The more responsibility we give our students, the more they exceed our expectations

When we first began our student outreach with the elderly locally, we did not know what to expect.  Would our young people have the confidence to speak and engage with our guests?  Would they have the patience and commitment to make our events a success?  In turn, would our local community enjoy themselves, and would they ever come back?

Looking back, those concerns about Oasis Academy Isle of Sheppey’s Dementia Café seem ridiculous.  Now fully established, the Café is a roaring success – I have new student volunteers every month and we have so many positive comments from those who come along.

“I enjoy helping people who come to the café.  I want a career helping others so this is great experience,” says Darcey West, one of our sixth form students.  “I have no experience of dementia in my family but what I have come to realise from the people who come to our café is that the person is still there.  Nothing has changed and you have to see past the dementia.”

The idea is simple – our students prepare refreshments and entertainment for the elderly in our local community, especially focused on those with dementia.  But without the dedication of our students, and their care and compassion for others, it simply would not be possible.

It is such a team event. While the students lead on the day, and invest so much time in the weeks before preparing, the Café depends on support from a huge range of others.  Our site maintenance staff host us, our receptionists help organise transport and our kitchen staff give their time after school.  Not to mention our dance, music, hair and beauty, drama and PE teachers who go above and beyond to support their students to put on events for our guests.  

And the exciting thing is that, once news spreads, it is easy to expand - we have recently welcomed pupils and staff from one of our neighbouring primary schools, St Edwards Roman Catholic, while we receive support from Barclays bank, Swale, Kent and Minister on Sea councils, and Tesco’s.  It really is a huge amount of people from across our community, brought together by Oasis Isle of Sheppey, pulling together to make it work.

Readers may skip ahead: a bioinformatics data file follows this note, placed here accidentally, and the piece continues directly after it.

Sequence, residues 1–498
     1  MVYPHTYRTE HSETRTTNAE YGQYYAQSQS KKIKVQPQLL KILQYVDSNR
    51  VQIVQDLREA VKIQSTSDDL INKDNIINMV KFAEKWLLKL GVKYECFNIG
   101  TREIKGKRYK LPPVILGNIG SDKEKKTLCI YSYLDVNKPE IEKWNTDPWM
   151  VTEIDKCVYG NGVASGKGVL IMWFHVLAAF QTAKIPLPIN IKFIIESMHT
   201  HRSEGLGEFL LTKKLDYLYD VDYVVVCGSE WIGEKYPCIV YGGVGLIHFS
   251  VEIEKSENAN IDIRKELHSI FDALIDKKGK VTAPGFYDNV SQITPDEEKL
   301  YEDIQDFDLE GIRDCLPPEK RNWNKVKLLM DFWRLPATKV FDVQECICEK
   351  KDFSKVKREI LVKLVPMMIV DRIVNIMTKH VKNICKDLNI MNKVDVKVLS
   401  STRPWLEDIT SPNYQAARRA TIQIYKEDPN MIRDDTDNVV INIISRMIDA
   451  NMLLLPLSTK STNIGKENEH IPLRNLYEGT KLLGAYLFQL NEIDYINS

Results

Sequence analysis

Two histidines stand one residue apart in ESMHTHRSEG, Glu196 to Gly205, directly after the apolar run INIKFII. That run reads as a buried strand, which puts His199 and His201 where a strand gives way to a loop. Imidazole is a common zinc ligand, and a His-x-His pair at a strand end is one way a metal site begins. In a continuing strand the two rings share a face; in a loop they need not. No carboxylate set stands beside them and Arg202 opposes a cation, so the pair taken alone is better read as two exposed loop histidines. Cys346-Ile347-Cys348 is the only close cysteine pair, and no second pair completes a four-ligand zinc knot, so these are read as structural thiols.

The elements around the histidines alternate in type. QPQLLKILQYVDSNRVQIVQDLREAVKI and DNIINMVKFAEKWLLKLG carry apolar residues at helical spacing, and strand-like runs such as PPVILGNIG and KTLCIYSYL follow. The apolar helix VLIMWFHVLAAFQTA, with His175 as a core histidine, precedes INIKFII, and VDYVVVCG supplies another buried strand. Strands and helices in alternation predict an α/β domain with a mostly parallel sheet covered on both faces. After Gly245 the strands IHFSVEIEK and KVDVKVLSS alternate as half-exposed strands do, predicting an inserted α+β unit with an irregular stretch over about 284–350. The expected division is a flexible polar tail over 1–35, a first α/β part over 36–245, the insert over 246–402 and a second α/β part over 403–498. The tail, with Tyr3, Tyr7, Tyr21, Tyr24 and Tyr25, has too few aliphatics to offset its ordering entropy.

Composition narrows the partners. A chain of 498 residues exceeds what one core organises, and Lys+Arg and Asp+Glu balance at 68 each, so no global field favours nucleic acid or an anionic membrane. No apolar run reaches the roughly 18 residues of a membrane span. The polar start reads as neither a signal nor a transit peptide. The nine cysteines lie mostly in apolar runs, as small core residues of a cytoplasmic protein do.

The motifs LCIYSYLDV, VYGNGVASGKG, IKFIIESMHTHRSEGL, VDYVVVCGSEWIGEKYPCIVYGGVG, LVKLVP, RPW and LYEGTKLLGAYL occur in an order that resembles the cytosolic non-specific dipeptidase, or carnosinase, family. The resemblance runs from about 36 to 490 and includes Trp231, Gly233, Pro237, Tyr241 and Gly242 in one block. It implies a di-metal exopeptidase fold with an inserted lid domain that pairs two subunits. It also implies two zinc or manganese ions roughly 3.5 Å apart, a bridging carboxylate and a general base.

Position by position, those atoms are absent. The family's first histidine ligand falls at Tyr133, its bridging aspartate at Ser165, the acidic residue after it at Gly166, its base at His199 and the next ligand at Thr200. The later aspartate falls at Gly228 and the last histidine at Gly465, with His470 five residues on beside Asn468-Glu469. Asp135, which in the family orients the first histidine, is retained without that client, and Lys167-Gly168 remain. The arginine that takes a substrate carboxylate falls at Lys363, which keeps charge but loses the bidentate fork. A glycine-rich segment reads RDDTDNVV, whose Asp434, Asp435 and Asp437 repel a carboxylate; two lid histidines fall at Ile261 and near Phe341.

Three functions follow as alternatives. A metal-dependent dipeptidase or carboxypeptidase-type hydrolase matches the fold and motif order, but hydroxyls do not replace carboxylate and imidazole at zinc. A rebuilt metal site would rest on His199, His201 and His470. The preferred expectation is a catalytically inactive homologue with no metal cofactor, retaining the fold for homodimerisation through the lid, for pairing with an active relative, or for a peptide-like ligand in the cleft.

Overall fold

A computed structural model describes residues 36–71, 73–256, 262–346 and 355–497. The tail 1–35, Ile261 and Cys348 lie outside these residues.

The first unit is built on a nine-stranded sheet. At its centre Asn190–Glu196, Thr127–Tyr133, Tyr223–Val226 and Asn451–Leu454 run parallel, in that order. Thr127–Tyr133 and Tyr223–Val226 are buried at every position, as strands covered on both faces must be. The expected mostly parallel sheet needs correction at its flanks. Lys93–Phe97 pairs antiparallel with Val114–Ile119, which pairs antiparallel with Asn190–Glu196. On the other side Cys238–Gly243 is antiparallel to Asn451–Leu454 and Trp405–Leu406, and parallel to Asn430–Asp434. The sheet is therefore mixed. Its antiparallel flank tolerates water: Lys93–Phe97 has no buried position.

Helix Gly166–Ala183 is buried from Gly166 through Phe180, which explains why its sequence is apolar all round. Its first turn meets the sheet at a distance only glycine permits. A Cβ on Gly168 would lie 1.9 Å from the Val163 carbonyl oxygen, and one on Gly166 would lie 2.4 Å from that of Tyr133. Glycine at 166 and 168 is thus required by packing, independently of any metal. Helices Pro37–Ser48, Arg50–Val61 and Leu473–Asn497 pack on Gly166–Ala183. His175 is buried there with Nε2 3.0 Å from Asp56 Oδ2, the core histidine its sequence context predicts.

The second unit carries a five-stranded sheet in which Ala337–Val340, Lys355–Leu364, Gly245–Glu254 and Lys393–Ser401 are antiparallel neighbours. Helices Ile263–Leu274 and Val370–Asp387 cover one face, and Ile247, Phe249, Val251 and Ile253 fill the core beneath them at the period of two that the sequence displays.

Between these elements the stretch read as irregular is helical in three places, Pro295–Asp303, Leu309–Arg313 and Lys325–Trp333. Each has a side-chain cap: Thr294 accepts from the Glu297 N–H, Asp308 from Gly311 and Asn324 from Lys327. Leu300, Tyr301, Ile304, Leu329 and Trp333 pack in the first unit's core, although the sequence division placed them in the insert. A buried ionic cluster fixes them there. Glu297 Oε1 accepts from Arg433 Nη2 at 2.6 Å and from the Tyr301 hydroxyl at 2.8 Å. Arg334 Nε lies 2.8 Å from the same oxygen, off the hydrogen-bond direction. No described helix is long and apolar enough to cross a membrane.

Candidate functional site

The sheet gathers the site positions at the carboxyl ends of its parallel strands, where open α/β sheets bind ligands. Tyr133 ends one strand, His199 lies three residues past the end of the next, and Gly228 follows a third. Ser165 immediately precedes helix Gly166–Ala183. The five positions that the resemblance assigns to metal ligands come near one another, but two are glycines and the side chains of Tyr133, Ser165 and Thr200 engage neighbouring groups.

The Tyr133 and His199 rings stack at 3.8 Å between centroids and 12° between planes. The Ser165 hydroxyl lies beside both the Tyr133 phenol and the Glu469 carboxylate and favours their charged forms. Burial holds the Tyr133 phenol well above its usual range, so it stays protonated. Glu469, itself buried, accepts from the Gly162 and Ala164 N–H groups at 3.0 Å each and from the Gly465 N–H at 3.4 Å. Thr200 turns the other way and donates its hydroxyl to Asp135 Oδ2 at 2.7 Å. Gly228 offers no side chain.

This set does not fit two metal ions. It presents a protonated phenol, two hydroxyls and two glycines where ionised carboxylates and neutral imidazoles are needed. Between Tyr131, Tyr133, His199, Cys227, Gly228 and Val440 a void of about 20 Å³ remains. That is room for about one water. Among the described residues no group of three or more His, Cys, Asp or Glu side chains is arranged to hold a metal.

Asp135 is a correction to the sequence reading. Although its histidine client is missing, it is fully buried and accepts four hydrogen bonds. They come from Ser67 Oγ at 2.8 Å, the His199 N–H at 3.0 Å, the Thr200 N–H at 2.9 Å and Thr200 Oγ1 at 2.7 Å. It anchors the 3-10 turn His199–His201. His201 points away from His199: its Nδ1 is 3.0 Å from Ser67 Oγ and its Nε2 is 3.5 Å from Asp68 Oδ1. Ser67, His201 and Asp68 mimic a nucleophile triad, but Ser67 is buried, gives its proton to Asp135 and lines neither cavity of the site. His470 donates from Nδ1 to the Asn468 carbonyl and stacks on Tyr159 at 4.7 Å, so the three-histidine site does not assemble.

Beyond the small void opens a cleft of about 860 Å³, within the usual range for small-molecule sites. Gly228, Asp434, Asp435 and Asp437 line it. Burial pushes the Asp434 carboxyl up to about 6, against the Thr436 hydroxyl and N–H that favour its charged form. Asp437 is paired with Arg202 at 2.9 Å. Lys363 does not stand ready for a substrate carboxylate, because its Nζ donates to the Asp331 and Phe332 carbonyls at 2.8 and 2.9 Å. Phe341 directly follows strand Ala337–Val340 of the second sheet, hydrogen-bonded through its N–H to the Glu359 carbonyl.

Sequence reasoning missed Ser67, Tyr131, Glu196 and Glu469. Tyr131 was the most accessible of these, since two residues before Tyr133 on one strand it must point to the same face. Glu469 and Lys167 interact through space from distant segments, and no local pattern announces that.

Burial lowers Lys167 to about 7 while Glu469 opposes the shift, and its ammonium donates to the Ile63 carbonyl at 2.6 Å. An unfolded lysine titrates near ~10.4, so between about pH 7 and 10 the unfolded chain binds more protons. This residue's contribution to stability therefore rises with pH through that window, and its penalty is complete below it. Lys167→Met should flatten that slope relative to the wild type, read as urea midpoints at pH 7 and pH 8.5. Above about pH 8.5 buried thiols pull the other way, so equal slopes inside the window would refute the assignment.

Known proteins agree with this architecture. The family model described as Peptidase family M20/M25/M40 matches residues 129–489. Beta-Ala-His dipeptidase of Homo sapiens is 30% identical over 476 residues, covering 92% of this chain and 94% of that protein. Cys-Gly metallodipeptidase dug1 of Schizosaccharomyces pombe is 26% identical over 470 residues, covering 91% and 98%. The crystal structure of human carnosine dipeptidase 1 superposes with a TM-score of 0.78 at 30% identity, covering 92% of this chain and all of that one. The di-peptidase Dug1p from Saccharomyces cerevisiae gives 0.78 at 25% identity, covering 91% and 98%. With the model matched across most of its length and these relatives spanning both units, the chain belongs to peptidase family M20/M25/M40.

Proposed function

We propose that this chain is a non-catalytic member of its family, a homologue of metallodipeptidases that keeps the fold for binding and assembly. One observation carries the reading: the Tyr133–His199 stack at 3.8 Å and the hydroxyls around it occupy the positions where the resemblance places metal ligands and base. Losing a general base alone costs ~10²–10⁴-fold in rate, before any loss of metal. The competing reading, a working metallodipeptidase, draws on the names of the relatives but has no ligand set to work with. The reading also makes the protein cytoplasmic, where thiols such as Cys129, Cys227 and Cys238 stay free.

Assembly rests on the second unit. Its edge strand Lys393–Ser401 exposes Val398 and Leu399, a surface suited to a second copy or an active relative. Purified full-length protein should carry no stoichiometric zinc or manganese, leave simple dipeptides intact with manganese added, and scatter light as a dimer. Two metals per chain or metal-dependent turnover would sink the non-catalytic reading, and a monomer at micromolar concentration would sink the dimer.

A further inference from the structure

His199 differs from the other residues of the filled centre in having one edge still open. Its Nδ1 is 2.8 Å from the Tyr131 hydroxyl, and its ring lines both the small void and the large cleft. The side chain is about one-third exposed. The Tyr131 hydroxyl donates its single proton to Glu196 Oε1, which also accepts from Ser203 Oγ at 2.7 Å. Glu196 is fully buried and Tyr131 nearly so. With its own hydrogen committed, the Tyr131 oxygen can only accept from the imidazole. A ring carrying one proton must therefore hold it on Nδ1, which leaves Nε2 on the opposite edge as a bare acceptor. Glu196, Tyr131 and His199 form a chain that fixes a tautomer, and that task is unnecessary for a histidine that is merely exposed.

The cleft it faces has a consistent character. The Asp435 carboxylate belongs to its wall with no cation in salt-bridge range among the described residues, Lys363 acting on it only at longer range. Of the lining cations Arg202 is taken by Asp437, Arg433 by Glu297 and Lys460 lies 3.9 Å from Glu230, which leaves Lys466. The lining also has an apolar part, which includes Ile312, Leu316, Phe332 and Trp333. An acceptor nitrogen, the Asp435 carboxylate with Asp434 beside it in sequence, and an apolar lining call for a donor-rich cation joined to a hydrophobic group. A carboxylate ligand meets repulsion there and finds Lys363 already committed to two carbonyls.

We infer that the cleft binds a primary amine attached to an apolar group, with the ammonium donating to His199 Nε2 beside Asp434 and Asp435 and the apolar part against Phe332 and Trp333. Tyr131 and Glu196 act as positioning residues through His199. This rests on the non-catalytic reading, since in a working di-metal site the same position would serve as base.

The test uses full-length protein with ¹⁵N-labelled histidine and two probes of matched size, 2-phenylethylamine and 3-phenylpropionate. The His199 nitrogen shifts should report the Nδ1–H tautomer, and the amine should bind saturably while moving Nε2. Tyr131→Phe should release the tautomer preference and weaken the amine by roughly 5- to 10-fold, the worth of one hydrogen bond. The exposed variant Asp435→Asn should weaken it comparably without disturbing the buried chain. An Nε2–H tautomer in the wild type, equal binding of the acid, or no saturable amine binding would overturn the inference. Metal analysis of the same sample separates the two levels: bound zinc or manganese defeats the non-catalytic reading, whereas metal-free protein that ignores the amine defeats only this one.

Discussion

“I think it’s fantastic the students here have got such an awareness of dementia,” says Jeanette Spooner of one of our partners, Sittingbourne’s Willow Day Centre.  “They are courteous and have an understanding of the difficulties they have and our folk love being with the younger people.”

One of the brilliant things about the scheme is that without realising it our students are developing a number of fantastic skills that will prove invaluable when they leave us.  They pick up the ability to organise a big event, the confidence to speak with our guests, how to make decisions, as well as garnering terrific introductory experience for working in either a care environment or in hospitality.

Bill Ronan, our Community Liaison Officer at Kent County Council says, “Can I convey my sincere thanks to all the young people who are exemplary in their engagement, participation and understanding of the issues facing attendees.”

“It is always a joy for me to attend the dementia café - all students are enthusiastic and remind and reinforce for me the excellent values and ethos you instil in them as they support this sensitive issue.  I am always impressed how understanding and professional your students are a valuable example of excellence in terms of this intergenerational project.”

In the last couple of weeks, the dementia work we do has had a lot of publicity. We are featured in the Kent Community Health Autumn 2017 magazine, we are in the Intergenerational Section of The Kent Dementia Awards Final later this month and in November, we are in the National Dementia Friendly Organisation of the Year – Small and Medium Size Final.  While of course we are flattered and honoured to be in this position, ultimately it is the work we do that is the important thing. 

Have you considered what your students might be capable of, given the chance?